As part of a long-term experiment, we annually monitored the process by which trees arrive, become established, grow and die after intact forests were cleared near the city of Manaus, Brazil. We and our collaborators found that two to eight years of pasture management with annual burning resulted in forest stands markedly distinct from those thriving in areas left alone soon after being cut.
Trees arrive and grow relatively quickly in both areas, and satellites can detect their crowns within three to five years. But the images from the sky do not distinguish the poor on-the-ground quality of secondary forests in areas that are repeatedly burned. Once forests begin to grow back, these areas are dominated by just a few species that exhibit an unusual resistance to fire and a high capacity to sprout.
Stands of secondary forests regaining areas with distinct land use and fire history after five years since abandonment near the town of Tefé, Brazil. On the left, a closed understory with a richer community of trees regenerating in areas exposed to only one burning contrasts with an open understory and an impoverished forest stand dominated by one tree species over a field burned five times, on the right. (Photos: Catarina Jakovac)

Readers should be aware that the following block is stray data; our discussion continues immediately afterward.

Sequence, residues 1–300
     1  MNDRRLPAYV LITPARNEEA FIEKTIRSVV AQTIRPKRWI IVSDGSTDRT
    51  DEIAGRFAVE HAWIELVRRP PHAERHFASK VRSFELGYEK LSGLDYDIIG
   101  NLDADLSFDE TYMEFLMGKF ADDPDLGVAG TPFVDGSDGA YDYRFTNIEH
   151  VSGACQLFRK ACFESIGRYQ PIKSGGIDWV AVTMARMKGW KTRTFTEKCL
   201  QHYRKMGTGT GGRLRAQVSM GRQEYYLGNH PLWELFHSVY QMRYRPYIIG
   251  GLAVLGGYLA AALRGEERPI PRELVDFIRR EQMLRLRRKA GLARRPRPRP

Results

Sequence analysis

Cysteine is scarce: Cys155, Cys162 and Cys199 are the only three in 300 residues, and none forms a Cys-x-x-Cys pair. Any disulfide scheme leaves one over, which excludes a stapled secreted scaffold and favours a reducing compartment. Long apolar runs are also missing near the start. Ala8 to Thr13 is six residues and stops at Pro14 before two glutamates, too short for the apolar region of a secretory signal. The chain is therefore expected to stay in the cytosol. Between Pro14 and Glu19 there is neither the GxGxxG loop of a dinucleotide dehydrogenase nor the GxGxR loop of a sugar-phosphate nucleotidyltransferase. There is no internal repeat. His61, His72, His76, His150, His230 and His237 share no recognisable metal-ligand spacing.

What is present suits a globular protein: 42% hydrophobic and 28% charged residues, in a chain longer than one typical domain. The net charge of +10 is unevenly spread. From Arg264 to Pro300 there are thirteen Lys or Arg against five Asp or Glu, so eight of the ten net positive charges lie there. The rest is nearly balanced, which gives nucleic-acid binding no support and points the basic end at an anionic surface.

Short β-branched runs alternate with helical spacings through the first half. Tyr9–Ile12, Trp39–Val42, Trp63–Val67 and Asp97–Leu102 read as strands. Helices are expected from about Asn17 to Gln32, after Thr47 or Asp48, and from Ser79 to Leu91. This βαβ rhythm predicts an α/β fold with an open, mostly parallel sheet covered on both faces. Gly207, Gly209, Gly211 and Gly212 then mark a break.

Recurrent burnings eliminate tree seeds from the soil, and new species dispersed from surrounding forests arrive at an extremely slow pace. The result is that after two decades, forests growing in fire-managed former pasturelands shelter some 50% fewer tree species than in secondary forests reclaiming areas not damaged by fire, the research shows.
The rate with which carbon is accumulated through plant growth also falls after each fire event; after five burnings, the rate of biomass recovery reduces 50%.
Pervasive impacts of fires on forest recovery
The results we found in our research sites around Manaus have also been seen in new studies carried out in non-experimental settings. In Apuí, an area in southern Amazonia suffering a high rate of recent deforestation and fire events, years of cattle ranching and repeated burning have compromised the ability of secondary forests to thrive spontaneously in abandoned fields.
We have seen a similar pattern in once-traditional cultivation systems as socio-economic changes have pushed these systems over their carrying capacity. In the region of Tefé toward western Amazonia, the more times one field is cultivated and the shorter the fallow period between burnings, the more slowly secondary forests grow and the more they harbor a community of plants characterized by woody vines and trees similar to those found in abandoned cattle pasture.